2008 Year In Review ~ Best Fiction Reads

Out of the 93 books that I have read in 2008, 69 of them have been fiction.  I read quite a bit of nonfiction as well, but there is something about fiction that manages to capture the essence of the unreal and the real that just keeps me coming back for more.  It’s always hard to come up with a best of list that’s comprehensive.  When I took a look at the books that I read last year,  they stand out for wildly different reasons.  Some were thought-provoking, some were heavy, and others were just plain fun. After 12 months, here’s what’s still buzzing in my brain and at the tip of my tongue.

  • Dating Da Vinci, by Malena Lott – (read my review) Sometimes a little unlikely, but still fun, this chick-lit  plus novel provided humor and deep thoughts on the topic of love all at the same.
  • The Five Lost Days, by William Petrick- (read my review) Intriguing read of drama and emotion set against the back drop of civil war, the
    beauty of the rainforest, and a culture that moves at a much different
    place and with different beliefs than the American filmmakers who have come to film a documentary on the last remaining curandero.
  • The God of Small Things, by Arundhati Roy – Confusing and complex. Told through the eyes of fraternal twins speaking their strange and beautiful language.  The pieces slowly rearrange themselves and fall into place in front of your eyes as this dark tale comes to its tragic conclusion.
  • The Heretic’s Daughter, by Kathleen Kent- Beautifully detailed and haunting story of a mother-daughter relationship set against the backdrop of the Salem Witch trials.
  • In The Woods, by Tana French- (read my review) Intense psychological thriller for the mystery and literary fiction lovers.
  • My Lady of Cleves, by Margaret Campbell Barnes- (read my review) Didn’t want to put it down. Henry VIII & Anne of Cleves.  Historical fiction at its best.
  • Pride & Prejudice, by Jane Austen- Timeless tale but also a witty and fun study of romance and the workings of 18th century British middle and upper class society.
  • Property, by Valerie Martin- I don’t know if I have ever run across a character who I have detested as much as Manon Gaudet (well, there is her husband too).  If you don’t mind your blood boiling for a good couple of hundred pages this is a great story about slavery and its brutal effects on the owner and the owned.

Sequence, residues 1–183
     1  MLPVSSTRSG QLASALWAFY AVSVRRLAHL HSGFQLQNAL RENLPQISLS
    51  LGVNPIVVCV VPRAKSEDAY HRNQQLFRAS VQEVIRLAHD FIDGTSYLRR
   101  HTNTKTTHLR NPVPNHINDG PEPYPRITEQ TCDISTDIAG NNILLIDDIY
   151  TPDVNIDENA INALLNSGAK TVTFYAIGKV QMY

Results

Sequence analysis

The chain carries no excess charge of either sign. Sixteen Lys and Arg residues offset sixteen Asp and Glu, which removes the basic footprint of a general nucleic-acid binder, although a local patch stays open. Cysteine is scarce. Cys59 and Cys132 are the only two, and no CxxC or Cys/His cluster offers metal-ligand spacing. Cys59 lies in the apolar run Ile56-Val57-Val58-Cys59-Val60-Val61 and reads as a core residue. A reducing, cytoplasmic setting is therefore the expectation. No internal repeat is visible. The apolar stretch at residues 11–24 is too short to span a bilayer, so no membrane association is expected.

• Recent History, by Anthony Giardina-  As he come of age in the early 1960’s Luca’s father mysteriously disappears from home and shows up across town living with another man.  Luca struggles to understand what it means about his father and then his own sexual identity.
  • Run, by Ann Patchett- Two boys are adopted into a loving family, what happens when a car accident threatens the happiness of them and their families.  Couldn’t put it down and didn’t want it to end.
  • The Boxcar Children, by Gertrude Chandler Warner- (read my review) Fantastically implausible and super fun blast from the past.
  • The Time Traveler’s Wife, Audrey Niffenegger- Supposedly a love story across the times.  Of course I had a much different take on things.
  • The Wife, by Meg Wolitzer (my review)- Novel and character study of a wife finally looking to take back the power that
    she has been afraid to possess, and a character study of a marriage and how
    it grew and changed from the ‘60’s to the present day. A thought provoking and humorous read.

Other Year In Review Posts:


Unfinished Business

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  1. I haven’t read any of those, but 3 of them are in my TBR pile. It looks like I need to get to work. Happy New Year, Nicole! I love reading your reviews – keep up the good work.

  2. I loved The Heretic’s Daughter and A Short History of Tractors as well. I have always wanted to read The God of Small Things and I appreciate your comments. Great list!

  3. A Short History of Tractors in Ukrainian is a surprised delight for me. I picked up my friend’s copy at his dinner party in Hong Kong this spring and read it in a day. I also re-read Pride and Prejudice this year. Austen is always a vouchsafe good read.

  4. I enjoyed My Lady of Cleves, too, and want to re-read Brief Gaudy Hour about Anne Boleyn. Barnes was really good with historical characters.
    The God of Small Things still makes me sad when I think about it–very powerful little book.
    Liked The Time Traveler’s Wife. Loved In the Woods, Pride and Prejudice, The Boxcar Children!